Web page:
3. Consider which triggers can be changed. Strategies are designed to help minimize the occurrence of the behavior or address the behavior when it occurs. The strategies may also help keep the person with dementia safe, comfortable and content, as well as preserve your own energy, time, patience and financial resources.

After brainstorming, try to implement one or more strategies:

1. Try out the one(s) you have chosen.

2. Try just one strategy at a time or try several, depending on the behavior.

3. You may have to try a strategy for 1 to 2 weeks before you are able to notice a difference in the person with dementia’s behavior.

4. If you find that a strategy makes the behavior worse, discontinue it.

5. You may benefit from working with a health professional to review your situation.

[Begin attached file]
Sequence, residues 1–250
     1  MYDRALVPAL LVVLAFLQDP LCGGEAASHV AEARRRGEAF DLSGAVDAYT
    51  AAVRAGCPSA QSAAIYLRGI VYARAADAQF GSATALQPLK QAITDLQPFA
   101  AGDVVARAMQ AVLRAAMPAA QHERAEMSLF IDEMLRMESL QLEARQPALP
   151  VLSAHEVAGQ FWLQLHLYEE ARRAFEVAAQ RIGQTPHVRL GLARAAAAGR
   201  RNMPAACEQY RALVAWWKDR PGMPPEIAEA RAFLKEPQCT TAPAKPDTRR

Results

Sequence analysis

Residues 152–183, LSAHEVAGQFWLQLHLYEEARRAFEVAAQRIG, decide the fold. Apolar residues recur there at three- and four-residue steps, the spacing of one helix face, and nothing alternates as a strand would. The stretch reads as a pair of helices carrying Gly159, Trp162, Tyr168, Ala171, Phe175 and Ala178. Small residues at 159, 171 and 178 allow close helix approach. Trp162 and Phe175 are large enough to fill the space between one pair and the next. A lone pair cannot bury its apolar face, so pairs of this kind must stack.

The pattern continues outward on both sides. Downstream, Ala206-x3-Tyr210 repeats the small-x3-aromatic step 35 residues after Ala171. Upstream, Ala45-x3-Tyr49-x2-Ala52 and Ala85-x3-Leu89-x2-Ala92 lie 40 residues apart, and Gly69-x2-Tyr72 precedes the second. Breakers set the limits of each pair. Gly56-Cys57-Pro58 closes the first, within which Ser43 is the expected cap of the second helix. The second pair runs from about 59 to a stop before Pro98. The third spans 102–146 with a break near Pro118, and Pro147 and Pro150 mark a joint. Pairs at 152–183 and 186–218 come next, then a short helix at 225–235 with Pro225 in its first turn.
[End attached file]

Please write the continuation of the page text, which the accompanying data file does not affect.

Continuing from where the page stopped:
6. Communication strategies are highly effective, so try these first.

Finally, evaluate whether the strategy is effective: Does it work?

1. Record or monitor which strategies seem to reduce or help address the problem behavior.

2. If the strategies do not work, then try others from your brainstorming list. You may also want to then talk to family members, health professionals and the doctor of the person you are caring for about the behavior to identify other strategies for addressing the behavior.